Simultaneously with the expansion of the jurisdiction of municipal courts of capitals and of city courts, and the requirement of re­cording their proceedings prescribed by the amending act, Rep. Act 2613, as further amended by Rep. Act 3828, a distinction was drawn in the matter of appeals from decisions rendered by muni­cipal courts of capitals and of city courts by the last paragraph of section 87(c) taken together with section 45 of the Judiciary Act, as amended - this distinction being that their decisions in cases tried pursuant to the jurisdiction conferred upon them by the pen­ultimate paragraph of section 87(c) shall be appealable directly to the Court of Appeals or the Supreme Court, as the case may be.  The right of direct appeal to the two appellate courts was granted with respect only to judgments of municipal courts of ca­pitals and of city courts but not to those of ordinary municipal courts; this right of direct appeal, being in the nature of an ex­ception to section 45 of the Judiciary Act, as amended, must be strictly construed and its purview cannot be extended to embrace decisions of ordinary municipal courts in concurrent jurisdiction cases but must perforce be limited to what has been explicitly excepted.

Our view is buttressed by section 5 of Rule 123 of the New Rules of Court which provides:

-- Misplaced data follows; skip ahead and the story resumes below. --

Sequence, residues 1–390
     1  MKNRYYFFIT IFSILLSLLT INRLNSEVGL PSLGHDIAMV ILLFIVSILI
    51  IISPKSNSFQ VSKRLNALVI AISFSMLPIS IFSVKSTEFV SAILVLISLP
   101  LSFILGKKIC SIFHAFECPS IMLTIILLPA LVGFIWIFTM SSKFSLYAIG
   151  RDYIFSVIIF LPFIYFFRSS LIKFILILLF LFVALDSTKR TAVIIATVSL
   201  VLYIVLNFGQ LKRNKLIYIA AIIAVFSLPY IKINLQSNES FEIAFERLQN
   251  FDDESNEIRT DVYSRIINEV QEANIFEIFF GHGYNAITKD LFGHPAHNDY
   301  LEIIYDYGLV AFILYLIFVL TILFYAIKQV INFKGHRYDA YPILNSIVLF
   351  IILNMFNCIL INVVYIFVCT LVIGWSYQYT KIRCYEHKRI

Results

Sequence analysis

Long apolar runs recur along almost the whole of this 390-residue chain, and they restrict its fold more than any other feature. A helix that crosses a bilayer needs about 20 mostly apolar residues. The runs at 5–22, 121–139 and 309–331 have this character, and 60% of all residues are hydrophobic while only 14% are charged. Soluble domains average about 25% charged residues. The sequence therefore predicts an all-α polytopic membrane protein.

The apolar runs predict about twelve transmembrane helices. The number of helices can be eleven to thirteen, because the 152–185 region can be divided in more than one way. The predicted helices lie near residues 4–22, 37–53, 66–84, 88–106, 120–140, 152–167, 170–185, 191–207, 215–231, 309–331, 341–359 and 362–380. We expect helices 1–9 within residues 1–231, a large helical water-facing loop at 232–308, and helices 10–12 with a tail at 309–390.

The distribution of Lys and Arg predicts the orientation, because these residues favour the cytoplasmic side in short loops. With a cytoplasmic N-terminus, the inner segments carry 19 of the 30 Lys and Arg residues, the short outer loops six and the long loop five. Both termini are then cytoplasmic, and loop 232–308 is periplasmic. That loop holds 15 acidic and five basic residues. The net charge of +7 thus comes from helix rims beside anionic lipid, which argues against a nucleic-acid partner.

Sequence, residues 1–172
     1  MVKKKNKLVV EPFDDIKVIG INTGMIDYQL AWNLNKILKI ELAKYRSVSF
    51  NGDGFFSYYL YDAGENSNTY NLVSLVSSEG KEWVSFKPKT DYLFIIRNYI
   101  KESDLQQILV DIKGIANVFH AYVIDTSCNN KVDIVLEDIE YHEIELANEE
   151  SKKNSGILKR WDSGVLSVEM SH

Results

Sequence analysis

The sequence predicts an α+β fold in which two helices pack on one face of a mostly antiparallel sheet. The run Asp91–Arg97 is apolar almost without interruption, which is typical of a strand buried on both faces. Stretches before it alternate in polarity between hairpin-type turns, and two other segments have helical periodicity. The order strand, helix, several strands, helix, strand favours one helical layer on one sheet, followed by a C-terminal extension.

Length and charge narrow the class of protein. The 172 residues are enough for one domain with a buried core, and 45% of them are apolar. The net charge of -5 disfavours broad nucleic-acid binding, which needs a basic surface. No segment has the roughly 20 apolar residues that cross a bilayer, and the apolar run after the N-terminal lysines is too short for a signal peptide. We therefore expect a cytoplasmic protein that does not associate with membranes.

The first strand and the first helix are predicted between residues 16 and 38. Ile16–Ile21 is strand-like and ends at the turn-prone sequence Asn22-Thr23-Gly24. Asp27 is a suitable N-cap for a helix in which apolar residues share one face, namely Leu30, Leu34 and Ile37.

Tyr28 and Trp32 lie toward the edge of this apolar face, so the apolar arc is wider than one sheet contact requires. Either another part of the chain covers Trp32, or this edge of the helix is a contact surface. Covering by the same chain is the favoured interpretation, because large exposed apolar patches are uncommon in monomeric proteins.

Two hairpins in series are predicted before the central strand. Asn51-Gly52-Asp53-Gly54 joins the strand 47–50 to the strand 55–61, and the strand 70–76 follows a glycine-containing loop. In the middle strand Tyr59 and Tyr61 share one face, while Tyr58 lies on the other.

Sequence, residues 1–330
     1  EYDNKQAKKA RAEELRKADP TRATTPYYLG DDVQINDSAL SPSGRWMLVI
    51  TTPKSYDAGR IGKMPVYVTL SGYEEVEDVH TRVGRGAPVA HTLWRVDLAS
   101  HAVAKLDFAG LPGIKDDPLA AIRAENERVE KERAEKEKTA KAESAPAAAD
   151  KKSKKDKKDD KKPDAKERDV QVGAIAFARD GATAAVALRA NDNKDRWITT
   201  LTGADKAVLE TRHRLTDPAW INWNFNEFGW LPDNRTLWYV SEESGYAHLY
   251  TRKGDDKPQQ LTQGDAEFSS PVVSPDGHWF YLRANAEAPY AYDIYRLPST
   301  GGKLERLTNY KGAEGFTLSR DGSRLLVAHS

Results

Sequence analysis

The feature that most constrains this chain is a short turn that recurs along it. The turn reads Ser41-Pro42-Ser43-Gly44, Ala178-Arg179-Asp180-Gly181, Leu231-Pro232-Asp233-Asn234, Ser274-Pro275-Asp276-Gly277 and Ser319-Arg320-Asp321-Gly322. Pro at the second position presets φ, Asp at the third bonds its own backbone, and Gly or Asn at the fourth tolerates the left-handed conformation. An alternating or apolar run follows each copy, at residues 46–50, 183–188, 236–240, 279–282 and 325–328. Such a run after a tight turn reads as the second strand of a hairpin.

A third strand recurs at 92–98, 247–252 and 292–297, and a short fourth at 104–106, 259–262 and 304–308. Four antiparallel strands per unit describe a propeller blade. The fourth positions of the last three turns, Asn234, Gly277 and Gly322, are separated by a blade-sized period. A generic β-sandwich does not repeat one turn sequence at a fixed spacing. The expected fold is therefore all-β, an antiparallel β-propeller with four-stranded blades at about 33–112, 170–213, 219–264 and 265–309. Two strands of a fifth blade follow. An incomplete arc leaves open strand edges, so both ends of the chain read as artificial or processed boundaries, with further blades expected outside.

"Appeal from judgment of the justice of the peace or municipal court. - The convicted party may appeal either orally or in writing from any fi­nal judgment of the justice of the peace or munici­pal court in a criminal cause to the Court of First Instance within fifteen (15) days from the promulga­tion of the judgment."

Absent the exception provided in section 45 and the last paragraph of section 87(c) of the Judiciary Act, as amended, the above-cited provision of the New Rules of Court governs the manner of appeals from decisions of ordinary municipal courts.  The statute granting the right of appeal is the Judiciary Act, as amended, particularly section 45 thereof.  Appeal being a purely statutory right, the law granting the right must be strictly complied with, and the grant cannot be extended by implication.  Thus, since the law does not grant direct appeal to the Court of Appeals or the Supreme Court from decisions of ordinary municipal courts in concurrent crimi­nal jurisdiction cases, we cannot authorize such mode of appeal.

An analysis of section 87(c) and section 45 of the Judiciary Act, as amended, reveals that while the legislature had endowed municipal courts of capitals and city courts with "like jurisdiction" as a court of first instance and a status as such, it withheld the same from ordinary municipal courts trying concurrent criminal jurisdiction cases.  This Court cannot ordain ordinary municipal courts with the status of courts of first instance, nor classify them as courts of record by requiring them to record their proceedings, for such actuation on our part would transcend the periphery of legitimate judicial function and constitute an encroachment upon legislative prerogative.  Neither can we authorize a direct appeal to the Court of Appeals or the Supreme Court, in the absence of express statutory authority, for the practical reason that because ordinary municipal courts are not required to record their proceedings the appellate courts would have no record of evidence to consider on appeal.